The moment was intense. The instrumental music was epic, dramatic and building up to a spine-chilling climax and my heart was beating to the same tune so loudly, it felt like a piece of that music. I couldn’t have wished for much longer nails to cope up with this nail-biting situation. My eyes were glued to the screen of my laptop; I was waiting, without daring to blink. And then, without any warning and abruptly, catching me off guard, the music changes and so does the drama. I see people dancing around to a sweet melodious jingle selling a product that I was least interested in. Annoyed, I waited and as soon as the ‘skip ad’ arrow appeared, I pressed it immediately. The heroine was back on the screen and the drama continued. However, to get back into the mood of a few seconds earlier was impossible, although I was persistent enough to wait to see what the hero did when he realised that the heroine, whom he thought had died many years earlier, was in fact alive. The episode ended, but as I closed the tab, it hit me as an ad woman that it’s just not me who waits for the ‘skip ad’ button.
Let’s face it. Consumers do not have any notion that they are part of a ‘campaign’ when they interact with a brand’s digital marketing creative. They simply move between devices, channels and screens and expect their experience to be seamless, engaging and fun. At any given moment, any one person is taking in several bits of information and has to decide what they should be paying attention to. As a marketer, it becomes challenging to make an impact and resonate and inspire a consumer to give us their attention.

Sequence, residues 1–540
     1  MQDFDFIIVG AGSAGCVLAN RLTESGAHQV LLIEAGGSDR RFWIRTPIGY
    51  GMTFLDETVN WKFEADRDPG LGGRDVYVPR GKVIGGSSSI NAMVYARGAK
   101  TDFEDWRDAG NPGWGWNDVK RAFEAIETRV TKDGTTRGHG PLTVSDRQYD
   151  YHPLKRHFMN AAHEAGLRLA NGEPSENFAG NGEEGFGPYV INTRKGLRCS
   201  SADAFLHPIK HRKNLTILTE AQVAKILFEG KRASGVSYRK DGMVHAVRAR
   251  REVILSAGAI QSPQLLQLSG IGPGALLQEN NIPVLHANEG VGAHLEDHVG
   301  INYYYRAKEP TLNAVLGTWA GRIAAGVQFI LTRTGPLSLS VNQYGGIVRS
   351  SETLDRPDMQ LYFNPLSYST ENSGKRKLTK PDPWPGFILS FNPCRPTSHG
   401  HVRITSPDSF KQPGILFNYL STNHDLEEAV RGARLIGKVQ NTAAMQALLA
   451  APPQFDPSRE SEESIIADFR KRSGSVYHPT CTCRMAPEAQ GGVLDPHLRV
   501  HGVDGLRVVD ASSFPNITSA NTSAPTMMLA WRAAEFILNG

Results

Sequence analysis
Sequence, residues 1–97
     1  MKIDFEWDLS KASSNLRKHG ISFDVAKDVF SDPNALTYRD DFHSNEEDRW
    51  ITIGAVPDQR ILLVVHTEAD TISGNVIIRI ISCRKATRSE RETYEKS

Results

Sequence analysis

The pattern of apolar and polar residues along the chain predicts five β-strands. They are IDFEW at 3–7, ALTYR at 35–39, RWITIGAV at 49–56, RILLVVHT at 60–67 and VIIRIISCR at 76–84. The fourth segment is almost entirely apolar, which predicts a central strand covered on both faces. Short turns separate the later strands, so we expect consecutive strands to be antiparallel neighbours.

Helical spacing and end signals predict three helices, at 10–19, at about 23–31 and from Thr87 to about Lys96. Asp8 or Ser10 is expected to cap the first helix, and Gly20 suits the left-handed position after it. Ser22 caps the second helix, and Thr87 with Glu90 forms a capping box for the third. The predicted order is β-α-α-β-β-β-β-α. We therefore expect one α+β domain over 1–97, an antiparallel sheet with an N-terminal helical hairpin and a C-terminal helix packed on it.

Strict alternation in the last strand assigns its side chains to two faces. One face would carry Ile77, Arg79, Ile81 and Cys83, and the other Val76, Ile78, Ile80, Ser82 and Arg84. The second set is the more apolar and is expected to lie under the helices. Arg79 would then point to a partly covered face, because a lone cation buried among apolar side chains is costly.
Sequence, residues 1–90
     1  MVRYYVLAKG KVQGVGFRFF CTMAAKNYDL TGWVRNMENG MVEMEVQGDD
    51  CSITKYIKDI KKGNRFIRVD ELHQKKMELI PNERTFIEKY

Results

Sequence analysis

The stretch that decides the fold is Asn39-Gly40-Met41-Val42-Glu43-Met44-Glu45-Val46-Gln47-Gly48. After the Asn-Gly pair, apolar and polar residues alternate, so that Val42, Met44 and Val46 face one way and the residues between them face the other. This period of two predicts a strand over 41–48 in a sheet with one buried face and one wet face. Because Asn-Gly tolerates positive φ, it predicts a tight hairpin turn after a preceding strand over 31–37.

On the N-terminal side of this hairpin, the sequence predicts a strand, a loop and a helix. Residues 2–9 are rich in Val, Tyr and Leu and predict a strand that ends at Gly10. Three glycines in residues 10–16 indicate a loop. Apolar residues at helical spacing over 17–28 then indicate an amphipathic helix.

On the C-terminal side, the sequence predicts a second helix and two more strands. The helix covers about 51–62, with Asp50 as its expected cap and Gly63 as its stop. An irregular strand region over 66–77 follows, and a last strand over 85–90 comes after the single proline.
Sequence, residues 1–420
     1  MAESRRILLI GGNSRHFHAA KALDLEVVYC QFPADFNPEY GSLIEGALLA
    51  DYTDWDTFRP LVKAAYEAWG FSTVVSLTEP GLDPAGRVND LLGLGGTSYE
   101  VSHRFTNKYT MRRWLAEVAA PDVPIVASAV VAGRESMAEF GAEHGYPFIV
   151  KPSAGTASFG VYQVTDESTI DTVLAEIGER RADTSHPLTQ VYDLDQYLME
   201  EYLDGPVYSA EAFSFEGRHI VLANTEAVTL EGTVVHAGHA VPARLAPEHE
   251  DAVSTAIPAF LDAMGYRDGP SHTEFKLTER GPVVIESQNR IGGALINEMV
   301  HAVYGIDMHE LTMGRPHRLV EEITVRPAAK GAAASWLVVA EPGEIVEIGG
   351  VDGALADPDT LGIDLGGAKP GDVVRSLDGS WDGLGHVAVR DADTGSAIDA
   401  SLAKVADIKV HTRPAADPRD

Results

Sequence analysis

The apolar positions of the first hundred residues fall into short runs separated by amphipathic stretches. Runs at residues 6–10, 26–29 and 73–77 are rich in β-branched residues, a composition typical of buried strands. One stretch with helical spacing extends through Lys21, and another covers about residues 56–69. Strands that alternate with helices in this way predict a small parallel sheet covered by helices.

Across the world of brand marketing, we have heard the mantra that ‘content is king’, and as the digital arena has made it far easier for a wider range of content providers to compete for attention, creativity has been the most powerful tool in getting audiences to pay attention. Indeed, given that creativity is the bedrock of the advertising industry, it is fair to say that the industry is currently facing a crisis.
Intrusive, boring, and unavoidable advertising is driving users to block ads. Every single person that has sat through an unskippable YouTube ad has thought about downloading an ad blocker. It’s that simple. In the past, the worst thing that happened when someone was irritated by your campaign was they didn’t convert and you wasted an impression. Now, users can actively remove themselves from the ecosystem for good.
Yet, rich media content can enable marketers to communicate in new and exciting ways, growing reach and relevance with key demographics that have previously been hard to engage. We have seen the impact of TikTok as a viable platform for business growth during the pandemic and this is just one example of a rapidly advancing trend towards video output. While new solutions and a wider variety of platforms provide the opportunity to create more effective ads, the sheer number of tools and tactics available for reaching consumers online are making effective digital ad campaigns more complicated to pull off than traditional ones. These days, content marketing is a lot like the housing market. Sure, it’s still possible to get on the ladder, but making the transition from renter to homeowner has become a lot harder. Several challenges are making content marketing difficult in today’s media environment.
1 Insufficient Resources: Producing content is easy; producing good content is much harder. It takes time and skill to produce quality consistently. A lack of time is arguably one of the biggest barriers to content marketing. Another is a lack of sufficient budgets. After all, if you don’t have time to produce your own content, it stands to reason you will pay someone else to do it. The problem with this approach is that since it takes skill to produce good content, it will come with a price tag attached to it.